The other issue Germany has, according to Arendts, is that each of the 16 states has different rulings and it may prove difficult to operate a commercial market in one area, with a monopoly operating in the neighbouring state. Some of the Northern states encompass only cities (Bremen, Hamburg and Berlin), so one could find that they live in a ’no man’s land‘ or are able to take advantage of better prices simply by walking down the road.
Surprisingly, given the excuses of the monopolies regarding fighting corruption in sport, one of the biggest voices in favour of the liberalisation of the industry comes from the organisation most affected by recent ‚match-fixing‘ scandals. The German Football association’s president Theo Zwanziger and representative Franz Beckenbauer have both been quoted as believing the transparency of a fully legal, liberal system to be far more attractive than that which current laws allow. Indeed, Arendts believes that by 2012 (when most of the state companies‘ licenses are to be renewed), the country will have moved away from state monopolies, towards a liberalised industry in which multiple private operators compete and pay tax.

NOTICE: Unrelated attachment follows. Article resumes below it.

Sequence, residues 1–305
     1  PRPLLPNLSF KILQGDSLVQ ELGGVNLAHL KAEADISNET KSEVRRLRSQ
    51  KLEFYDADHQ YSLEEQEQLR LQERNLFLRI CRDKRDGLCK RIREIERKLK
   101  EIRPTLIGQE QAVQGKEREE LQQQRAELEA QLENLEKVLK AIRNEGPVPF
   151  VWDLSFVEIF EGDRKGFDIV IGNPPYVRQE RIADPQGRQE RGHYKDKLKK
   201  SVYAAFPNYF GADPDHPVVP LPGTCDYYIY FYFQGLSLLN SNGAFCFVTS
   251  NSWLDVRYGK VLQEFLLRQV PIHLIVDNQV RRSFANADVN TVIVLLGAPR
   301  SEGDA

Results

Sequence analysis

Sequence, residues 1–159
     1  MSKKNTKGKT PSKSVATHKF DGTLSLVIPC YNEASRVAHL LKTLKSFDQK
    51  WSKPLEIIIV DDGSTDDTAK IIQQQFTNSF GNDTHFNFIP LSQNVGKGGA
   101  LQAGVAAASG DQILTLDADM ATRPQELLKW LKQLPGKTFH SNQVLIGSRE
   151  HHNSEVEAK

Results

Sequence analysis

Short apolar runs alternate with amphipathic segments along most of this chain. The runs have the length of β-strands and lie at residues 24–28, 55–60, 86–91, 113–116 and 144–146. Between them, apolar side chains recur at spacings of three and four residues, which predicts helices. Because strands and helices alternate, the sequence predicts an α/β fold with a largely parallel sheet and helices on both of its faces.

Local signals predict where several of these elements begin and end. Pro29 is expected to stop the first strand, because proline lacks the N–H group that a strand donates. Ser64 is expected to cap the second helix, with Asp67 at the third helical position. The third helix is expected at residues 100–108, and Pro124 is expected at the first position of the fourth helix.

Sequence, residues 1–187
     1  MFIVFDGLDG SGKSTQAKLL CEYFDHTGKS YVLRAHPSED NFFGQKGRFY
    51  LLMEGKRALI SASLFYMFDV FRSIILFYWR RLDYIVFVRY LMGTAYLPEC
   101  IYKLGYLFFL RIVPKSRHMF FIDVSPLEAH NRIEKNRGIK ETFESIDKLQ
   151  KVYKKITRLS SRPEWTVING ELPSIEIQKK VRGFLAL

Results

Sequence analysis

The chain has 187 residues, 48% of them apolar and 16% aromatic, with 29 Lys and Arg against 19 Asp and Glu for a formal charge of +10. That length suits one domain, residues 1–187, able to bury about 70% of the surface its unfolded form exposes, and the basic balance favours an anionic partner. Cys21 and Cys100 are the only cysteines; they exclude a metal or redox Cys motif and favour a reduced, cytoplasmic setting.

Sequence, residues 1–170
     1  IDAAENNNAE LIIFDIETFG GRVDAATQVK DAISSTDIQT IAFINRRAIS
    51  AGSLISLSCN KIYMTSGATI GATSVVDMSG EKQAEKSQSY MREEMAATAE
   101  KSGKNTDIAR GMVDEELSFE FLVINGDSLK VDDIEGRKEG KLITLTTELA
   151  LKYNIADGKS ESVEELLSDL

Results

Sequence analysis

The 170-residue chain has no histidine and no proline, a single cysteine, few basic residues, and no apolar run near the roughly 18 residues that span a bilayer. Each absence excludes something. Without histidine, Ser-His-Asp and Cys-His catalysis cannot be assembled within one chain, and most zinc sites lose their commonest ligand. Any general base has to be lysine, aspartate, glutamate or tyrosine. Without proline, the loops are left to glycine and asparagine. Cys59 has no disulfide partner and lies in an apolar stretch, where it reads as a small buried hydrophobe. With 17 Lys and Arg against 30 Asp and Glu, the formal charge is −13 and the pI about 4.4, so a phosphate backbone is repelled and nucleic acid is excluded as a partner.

In other European deregulation news, authorities in Sweden have taken action to prevent users of public computers accessing gambling sites beyond the local monopoly. In a country famed for its lax approach to bringing perpetrators of internet-related crime to justice, the Swedes have chosen to use a filtering system similar to that used on social networking sites in China and Iran to filter out access to any gambling sites which may be seen as competition to the ‚Svenska Spiel‘ monopoly. One of Right2bet’s major concerns is that millions of individuals across the continent are finding their rights curtailed, regardless of their attitude towards or interest in gambling, often purely to cover up the fact that alternatives to the state company offer many more markets and better value, as the Right2bet Charity Challenge shows!
The Right2bet blog is completed this week by the first of a series of ‚mythbusters‘ – produced by Stanleybet – which look into the myths peddled by Governments in order to persuade individuals that private operators are not in the public’s interest, starting this week with ‚Problem Gambling‘, a subject that seems to be discussed very often but which has been under-researched. So, which country has the highest number of problem gamblers? Is it the British, who live with a legal commercial market, the protected Scandinavians, or the prohibited Americans? Find out at www.right2bet.net, and remember to sign the petition for European deregulation whilst you’re there!